Sunday, April 14, 2013

35º 17 South

35º 17 South created by Karla Conway.  Canberra Youth Theatre at the National Gallery of Australia Sculpture Garden, Saturday April 13 to Saturday April 20, 2013.

Commentary by Frank McKone

Drama games as I used to know them are being taken to a new space by this CYT experiment.  From the drama workshop studio to an outdoor venue, like the Sculpture Garden at the NGA, is one thing.  Setting up a kind of treasure hunt, with clues to be discovered and directions to be understood and followed, is another.  But to have all this set in the context of a semi-scripted scenario which can only be understood via an up-to-date tablet device is one step further than I had previously imagined.

Computer, keyboard and mouse I can cope with, but a blank screen on a tablet is pure mystery to me.  Fortunately a one-time student from my days at Hawker College spontaneously appeared to save my reputation as a drama expert.  Catherine Prosser is now CEO and Co-Founder of stagebitz.com, (http://stagebitz.com/)  providing software which can make running all the technical side of theatre a whizz.  She had no trouble tapping the right bits on the tablet provided by CYT’s front of house coordinator Jim Adamik, and off we went to find the first of those other little mysteries (at least to me) – the black and white squares which look like miniature maps of mazes, stuck on the wall near the Diamond sculpture (Neil Dawson, Aotearoa New Zealand born 1948: Diamonds 2002).  The tablet read the coded maze, only to tell us that we couldn’t go further until we had correctly counted the number of bolts which hold the sculpture together.

After four goes we got it right (37 in case you’d like to know), typed it in and then began the game for real – well, sort of real, except that at that stage we only knew that we had to find clean water.  Why?  Because the only safe place to be was in the Skyspace (James Turrell: 'Within without' 2010) on the other side of the Gallery.  We knew this because we had been there with others who were desperate to get in because they were starving and had travelled so far and for so long to find a safe haven.  We were now in their situation, but we didn’t know why.  But we had not been allowed in until we could find resources like food and water to bring with us.  We couldn’t eat the tablets, but we needed them to find what we needed for entry to the only place of safety.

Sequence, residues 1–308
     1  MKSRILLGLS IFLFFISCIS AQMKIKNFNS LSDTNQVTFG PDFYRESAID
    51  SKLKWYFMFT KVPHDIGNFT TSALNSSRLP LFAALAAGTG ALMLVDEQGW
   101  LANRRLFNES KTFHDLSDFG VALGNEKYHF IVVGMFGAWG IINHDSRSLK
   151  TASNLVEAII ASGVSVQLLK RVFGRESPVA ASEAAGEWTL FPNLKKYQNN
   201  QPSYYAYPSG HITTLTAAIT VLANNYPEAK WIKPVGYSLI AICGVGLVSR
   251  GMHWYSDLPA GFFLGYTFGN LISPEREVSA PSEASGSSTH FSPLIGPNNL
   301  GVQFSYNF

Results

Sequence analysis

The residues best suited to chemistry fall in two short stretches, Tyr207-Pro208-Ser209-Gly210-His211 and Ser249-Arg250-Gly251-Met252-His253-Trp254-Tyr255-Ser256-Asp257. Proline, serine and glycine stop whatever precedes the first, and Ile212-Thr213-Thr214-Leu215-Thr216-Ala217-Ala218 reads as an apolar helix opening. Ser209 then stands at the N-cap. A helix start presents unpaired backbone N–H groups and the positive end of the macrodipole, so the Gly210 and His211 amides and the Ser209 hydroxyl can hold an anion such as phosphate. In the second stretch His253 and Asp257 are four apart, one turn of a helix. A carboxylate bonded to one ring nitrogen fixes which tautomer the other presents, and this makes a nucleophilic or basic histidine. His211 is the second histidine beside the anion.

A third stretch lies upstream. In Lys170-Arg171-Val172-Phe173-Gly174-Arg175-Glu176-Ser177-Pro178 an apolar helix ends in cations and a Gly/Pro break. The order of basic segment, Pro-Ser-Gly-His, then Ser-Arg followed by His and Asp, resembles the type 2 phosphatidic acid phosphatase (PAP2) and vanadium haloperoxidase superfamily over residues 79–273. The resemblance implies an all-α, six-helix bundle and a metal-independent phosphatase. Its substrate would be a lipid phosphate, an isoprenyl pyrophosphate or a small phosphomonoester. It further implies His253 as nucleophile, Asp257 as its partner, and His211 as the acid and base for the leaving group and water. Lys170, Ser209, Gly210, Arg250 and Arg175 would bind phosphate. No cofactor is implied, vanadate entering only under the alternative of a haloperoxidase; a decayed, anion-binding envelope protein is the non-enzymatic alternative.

Catherine and I collected some useful resources like toilet paper and chocolate, and discovered with help from CYT writer Morgan Little that there were not only actors as desperate refugees, but others such as a trader who might exchange our chocolate for a weapon which we would need to help defend the community.  Not all the game concentrated on the immediate objective of survival: there are some codes which are games in themselves, like one which showed insects flying around in the Sculpture Garden which needed to be sprayed to prevent people being bitten by them.

After an hour or more, we had got nowhere near completing the game – we hadn’t even found the clean water – but as responsible adults we had to leave.  The younger members of Youth Theatre were by this time absolutely engrossed in the activity: if they didn’t complete the game on Saturday, they could continue each day next week!  This is one very big school holiday activity.

But is it as ground-breaking an experiment as it seems?  Is it a worthwhile way of teaching drama?  Is it suitably educational more broadly?